136. A different way of debating.

My wife, Gimalle and I were out for dinner this past weekend with two other couples.

We have a federal election looming and the topic of discussion naturally turned to politics. By the strangest of coincidences each of the three couples at the table firmly supported the platforms and ideologies of one of the three main parties contesting this election.

As is so often the case when opinions become confused with facts, it didn’t take long for voices to rise and for the first glimmers of anger to present themselves.

This continued for a few moments until one person, perhaps a little frustrated by the viewpoints of others at the table, strongly inferred that only a moron, idiot and complete fool could possibly find anything of value in a particular party’s platform.

This prompted a swift retort and it seemed that our pleasant evening of friendly discussion was about to come to an enraged halt.

Then I remembered the topic of this blog we have been discussing for the past two weeks – The Habit of Seeing All Sides – and immediately saw an opportunity to put to the test the use of this habit as discussed two weeks ago.

I interrupted the conversation (my wife Gimalle will confirm that I am a world-class interrupter and will also acknowledge that this was perhaps the only time she’s ever been pleased that I have this remarkable gift) and suggested, as we have previously discussed, that we rotate positions and we move our ideology and feelings of support to the couple to our right so that each couple could now present with as much passion fervour and enthusiasm as possible, their viewpoints as to why thepolitical party they had been strongly attacking a moment ago now presented the best possible choice for the future of our country.

At first my suggestion was met with dismissive cynicism but I can be persistent and insisted that we “give it a try.”

It was suggested that as this was my “stupid idea,” I kick off the conversation and so I was forced to present, with conviction and passion, my thoughts as to why I believed the one party whose ideology I personally believe can only serve to bring ruin should it ever be given the opportunity of running the country, was deserving of my vote.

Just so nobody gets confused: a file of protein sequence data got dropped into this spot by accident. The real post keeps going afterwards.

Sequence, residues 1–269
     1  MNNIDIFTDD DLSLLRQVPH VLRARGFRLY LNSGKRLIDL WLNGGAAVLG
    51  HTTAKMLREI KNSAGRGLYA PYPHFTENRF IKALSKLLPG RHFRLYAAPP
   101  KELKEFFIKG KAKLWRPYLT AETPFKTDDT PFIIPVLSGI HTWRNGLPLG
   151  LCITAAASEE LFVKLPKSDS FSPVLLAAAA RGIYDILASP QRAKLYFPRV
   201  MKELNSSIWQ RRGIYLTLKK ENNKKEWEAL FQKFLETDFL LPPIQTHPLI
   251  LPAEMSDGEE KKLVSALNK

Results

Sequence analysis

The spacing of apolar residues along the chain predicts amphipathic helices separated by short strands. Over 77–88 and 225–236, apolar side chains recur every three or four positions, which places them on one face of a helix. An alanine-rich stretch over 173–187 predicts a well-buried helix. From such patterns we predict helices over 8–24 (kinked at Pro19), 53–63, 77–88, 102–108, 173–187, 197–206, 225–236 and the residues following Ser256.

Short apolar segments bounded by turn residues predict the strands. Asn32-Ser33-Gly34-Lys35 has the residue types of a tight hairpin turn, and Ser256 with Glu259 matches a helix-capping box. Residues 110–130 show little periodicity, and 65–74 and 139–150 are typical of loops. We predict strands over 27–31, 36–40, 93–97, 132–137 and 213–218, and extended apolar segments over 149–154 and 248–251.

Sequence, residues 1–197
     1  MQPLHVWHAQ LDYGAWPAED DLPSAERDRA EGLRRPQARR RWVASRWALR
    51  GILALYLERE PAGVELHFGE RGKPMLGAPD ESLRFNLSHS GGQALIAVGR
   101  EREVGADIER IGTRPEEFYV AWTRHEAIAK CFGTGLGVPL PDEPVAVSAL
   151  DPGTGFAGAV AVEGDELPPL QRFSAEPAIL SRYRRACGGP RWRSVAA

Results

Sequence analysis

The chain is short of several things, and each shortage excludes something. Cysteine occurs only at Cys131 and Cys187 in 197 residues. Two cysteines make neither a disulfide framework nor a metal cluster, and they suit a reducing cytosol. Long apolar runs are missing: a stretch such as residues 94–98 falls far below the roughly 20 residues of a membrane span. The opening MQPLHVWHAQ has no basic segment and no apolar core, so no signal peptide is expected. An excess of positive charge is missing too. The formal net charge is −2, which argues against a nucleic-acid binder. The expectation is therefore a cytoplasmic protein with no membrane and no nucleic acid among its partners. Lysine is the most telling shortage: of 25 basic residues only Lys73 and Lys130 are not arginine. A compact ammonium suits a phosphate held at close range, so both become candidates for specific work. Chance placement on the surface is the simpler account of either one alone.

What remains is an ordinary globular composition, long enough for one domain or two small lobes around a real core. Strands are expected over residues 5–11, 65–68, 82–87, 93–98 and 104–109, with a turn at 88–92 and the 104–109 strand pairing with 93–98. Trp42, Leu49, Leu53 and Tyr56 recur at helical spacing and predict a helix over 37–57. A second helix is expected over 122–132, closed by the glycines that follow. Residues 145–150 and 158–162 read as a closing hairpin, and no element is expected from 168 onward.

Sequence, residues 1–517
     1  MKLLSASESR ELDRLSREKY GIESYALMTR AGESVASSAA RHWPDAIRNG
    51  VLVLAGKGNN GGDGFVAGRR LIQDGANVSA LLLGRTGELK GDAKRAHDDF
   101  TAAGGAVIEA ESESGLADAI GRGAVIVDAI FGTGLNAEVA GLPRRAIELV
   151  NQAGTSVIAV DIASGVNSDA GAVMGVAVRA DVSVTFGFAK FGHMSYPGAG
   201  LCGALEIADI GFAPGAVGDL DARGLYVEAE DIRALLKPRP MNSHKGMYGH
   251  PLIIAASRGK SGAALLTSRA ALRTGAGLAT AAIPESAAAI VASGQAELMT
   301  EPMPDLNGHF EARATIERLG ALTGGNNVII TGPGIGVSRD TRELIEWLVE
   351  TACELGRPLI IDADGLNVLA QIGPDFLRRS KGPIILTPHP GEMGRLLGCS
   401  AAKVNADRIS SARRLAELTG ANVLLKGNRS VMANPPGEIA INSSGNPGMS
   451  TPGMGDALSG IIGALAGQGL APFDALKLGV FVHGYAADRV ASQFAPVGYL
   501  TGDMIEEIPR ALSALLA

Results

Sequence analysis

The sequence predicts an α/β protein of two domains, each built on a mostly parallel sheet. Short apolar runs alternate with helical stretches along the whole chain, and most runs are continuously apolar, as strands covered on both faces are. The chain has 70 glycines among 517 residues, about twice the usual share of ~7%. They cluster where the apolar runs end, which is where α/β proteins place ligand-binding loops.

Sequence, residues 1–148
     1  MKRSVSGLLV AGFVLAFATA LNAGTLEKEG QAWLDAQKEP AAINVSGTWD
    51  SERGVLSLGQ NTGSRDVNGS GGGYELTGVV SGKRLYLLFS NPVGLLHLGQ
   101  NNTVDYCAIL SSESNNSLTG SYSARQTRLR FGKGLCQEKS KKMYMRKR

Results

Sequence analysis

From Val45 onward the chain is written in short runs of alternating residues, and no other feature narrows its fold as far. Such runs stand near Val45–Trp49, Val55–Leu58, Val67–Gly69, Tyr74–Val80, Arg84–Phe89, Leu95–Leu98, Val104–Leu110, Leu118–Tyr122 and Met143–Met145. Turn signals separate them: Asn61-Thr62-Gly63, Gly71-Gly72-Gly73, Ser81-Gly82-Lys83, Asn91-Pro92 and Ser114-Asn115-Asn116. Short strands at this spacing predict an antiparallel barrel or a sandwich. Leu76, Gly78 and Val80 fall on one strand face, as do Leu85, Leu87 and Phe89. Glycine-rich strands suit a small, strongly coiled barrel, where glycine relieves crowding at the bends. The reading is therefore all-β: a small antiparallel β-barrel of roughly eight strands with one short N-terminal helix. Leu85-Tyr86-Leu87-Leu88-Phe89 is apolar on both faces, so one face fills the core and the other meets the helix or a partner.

And I did this in as convincing a way as I could.

I found myself digging deep into my own belief system and making strong statements that I believed in my very heart to be false and untrue. As I continued my two or three minute presentation I found myself softening in my views and criticism of that party’s platform and, while I know I will never live long enough to ever embrace those views, by the time was my turn was up and someone else took over the debate, I sensed a much stronger and deeper comprehension as to why how and why supporters of that party have come to believe in its platform.

As the couple to my right presented their viewpoints, while holding their noses and swallowing hard, I could see them too softening not so much in their core beliefs but in the degree of resentment or disagreement with opposing with viewpoints they had bitterly opposed just moments before.

Our debate lasted 30 to 40 minutes and interestingly, while no one’s opinions and beliefs had changed, all of us at the table had softened in our opposition and no longer felt that only morons, idiots and complete fools could have viewpoints different from theirs.

The Habit of Seeing All Sides, when used in this manner, truly forces us to open our minds to options and possibilities that we would previously have discarded.

When using this method one cannot practice cognitive dissonance – this feeling of discomfort we experience when trying to hold two opposing viewpoints at the same time.

Instead, The Habit of Seeing All Sides will raise our levels of empathy so that we can peacefully discuss rather than angrily argue.

Another benefit I experienced that evening was to realize that by utilizing the The Habit of Seeing All Sides, my conviction – my beliefs – were strengthened by forcing myself to argue against them and switching to this method of discussion not only prevented a disastrous end to the evening but actually assured us all of a thoroughly enjoyable one.

The next time you find yourself disagreeing with a friend, colleague or associate, suggest that you “switch sides” and take over to each other’s arguments just a few moments.

Not only will you be pleasantly surprised at your own perspective, you may find yourself enjoying a few unexpected laughs.

And that can never be a bad thing, can it?

Let’s make a habit of meeting like this.

You can never be a bad thing, can it?

Let’s make a habit of meeting like this.

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